From Michael Clancy in Saturday’s Scottsdale Republic.
LD 23 Senate debate spotlights contrasts
MICHAEL CLANCY | THE REPUBLIC | AZCENTRAL.COM
Paula Pennypacker was determined to point out the differences between her and state Rep. John Kavanagh during their Clean Elections debate for the Senate seat in Legislative District 23.
Kavanagh remained calm at the Oct. 1 event in Scottsdale, occasionally accusing his opponent of unwarranted attacks, as he explained his conservative record in two terms in the Arizona House of Representatives.
The contrasts were clear from the beginning. Kavanagh, a Republican who has been chairman of the House Appropriations Committee, gave his work and educational history in his opening statement, turning to the issues only to mention the expected budget shortfall in 2015.
Pennypacker, the Democratic challenger, briefly described her background and then jumped into her positions and attacks on the Republican majority in the Legislature.
“We’ve had the tax cuts, but where is all the growth?” she asked. She called for an end to divisive partisan politics.
The heavily Republican District 23 covers most of Scottsdale and Fountain Hills.
Questions from the small audience at Kerr Cultural Center ranged from positions on private prisons, identification of donors, Scottsdale’s sign ordinance, means of balancing the budget, term limits, gay rights, jobs, Medicaid expansion, pensions and the state’s most serious challenge.
They both oppose legislative term limits. They agreed campaign donors should not be able to remain anonymous and that a 401(k) approach is not the best way to address pension reform. Pennypacker said the Legislature could have a cted on the latter two while Kavanagh was a member, but didn’t.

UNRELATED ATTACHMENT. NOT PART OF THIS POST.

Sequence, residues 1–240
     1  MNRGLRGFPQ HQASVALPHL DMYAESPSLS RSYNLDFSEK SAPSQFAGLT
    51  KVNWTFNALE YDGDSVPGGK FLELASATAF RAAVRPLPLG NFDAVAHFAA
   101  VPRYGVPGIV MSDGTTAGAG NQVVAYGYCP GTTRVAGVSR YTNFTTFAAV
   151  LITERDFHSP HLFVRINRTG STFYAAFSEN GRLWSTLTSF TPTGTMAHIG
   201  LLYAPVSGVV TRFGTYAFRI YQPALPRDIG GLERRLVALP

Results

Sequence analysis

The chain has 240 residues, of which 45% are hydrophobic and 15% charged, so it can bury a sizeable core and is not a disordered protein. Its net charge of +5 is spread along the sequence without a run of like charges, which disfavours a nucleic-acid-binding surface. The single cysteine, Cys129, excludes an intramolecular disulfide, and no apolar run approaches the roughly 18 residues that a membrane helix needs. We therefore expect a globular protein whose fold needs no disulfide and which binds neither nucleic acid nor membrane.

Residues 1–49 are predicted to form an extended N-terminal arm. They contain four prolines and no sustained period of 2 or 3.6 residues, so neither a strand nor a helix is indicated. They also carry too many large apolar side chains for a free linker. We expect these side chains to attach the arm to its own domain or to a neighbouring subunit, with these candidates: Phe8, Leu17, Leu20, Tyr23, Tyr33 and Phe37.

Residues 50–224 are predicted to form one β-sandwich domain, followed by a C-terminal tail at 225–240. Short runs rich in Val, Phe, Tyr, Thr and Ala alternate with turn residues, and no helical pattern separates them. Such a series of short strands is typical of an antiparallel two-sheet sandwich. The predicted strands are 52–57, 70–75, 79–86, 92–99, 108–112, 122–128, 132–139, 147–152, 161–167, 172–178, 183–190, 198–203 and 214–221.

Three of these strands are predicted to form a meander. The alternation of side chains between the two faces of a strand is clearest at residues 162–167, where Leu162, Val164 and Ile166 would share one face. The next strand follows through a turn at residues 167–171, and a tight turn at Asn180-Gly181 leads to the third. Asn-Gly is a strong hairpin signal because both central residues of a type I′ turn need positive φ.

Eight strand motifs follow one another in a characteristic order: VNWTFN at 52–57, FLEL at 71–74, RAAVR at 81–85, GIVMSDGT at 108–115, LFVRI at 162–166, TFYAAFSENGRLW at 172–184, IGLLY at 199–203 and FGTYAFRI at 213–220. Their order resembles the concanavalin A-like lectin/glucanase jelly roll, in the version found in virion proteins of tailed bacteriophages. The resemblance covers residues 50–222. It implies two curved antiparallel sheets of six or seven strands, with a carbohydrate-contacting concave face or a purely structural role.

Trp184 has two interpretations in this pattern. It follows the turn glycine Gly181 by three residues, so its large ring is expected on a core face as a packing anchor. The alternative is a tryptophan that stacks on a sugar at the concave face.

Kavanagh, noting his experience as appropriations chairman, said most of his positions, from favoring private prisons to opposing Medicaid expansion, had to do with balancing the budget.
He acknowledged the decisions were difficult, but in the absence of new revenues, some programs had to be cut. Not likely to face cuts this time around are education, due to the court decision that the state owes money to the schools, and to the state’s revamped child-protection office, which was a priority last session. He also promised to try to maintain the Highway Users Revenue Fund.
Pennypacker said the deficit could be made up by reforming the state tax code. Kavanagh called it “smoke and mirrors.”
On the gay-rights issue, Pennypacker said all people deserve life, liberty and the pursuit of happiness, while Kavanagh noted that Senate Bill 1062, which would have permitted businesses to turn away gay people on the basis of religion, was aimed at protecting “substantial religious belief.” He said he did not oppose gay rights but he supported rights of religious believers. “There’s a happy medium,” he said.
Pennypacker, at the end, said Kavanagh would have been fired by now if he worked in the private sector because his positions have failed. She said despite his calls for reduced regulation, he supports intrusive regulations when it comes to women’s and children’s health care and other issues.
Kavanagh ended by accusing Pennypacker of “ranting” and summarizing some of his legislative accomplishments.
“There’s a happy medium.”
JOHN KAVANAGH, state representative and candidate for state senate, on balancing gay rights and religious beliefs.
“We’ve had the tax cuts, but where is all the growth?”
PAULA PENNYPACKER, candidate for state senate.